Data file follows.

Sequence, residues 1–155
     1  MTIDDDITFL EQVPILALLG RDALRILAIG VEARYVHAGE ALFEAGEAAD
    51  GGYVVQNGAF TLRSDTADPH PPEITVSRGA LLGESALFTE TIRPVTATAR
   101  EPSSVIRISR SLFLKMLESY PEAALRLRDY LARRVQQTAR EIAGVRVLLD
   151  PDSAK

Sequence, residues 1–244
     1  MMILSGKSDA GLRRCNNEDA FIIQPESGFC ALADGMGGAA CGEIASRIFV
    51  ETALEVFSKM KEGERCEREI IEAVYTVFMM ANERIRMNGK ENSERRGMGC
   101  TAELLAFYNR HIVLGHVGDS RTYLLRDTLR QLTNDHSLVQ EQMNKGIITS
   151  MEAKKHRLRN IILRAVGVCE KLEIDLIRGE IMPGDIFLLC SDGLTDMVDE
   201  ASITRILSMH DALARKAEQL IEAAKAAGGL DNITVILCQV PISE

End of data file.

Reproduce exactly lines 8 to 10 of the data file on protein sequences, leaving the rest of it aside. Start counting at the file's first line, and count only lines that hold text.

    51  ETALEVFSKM KEGERCEREI IEAVYTVFMM ANERIRMNGK ENSERRGMGC
   101  TAELLAFYNR HIVLGHVGDS RTYLLRDTLR QLTNDHSLVQ EQMNKGIITS
   151  MEAKKHRLRN IILRAVGVCE KLEIDLIRGE IMPGDIFLLC SDGLTDMVDE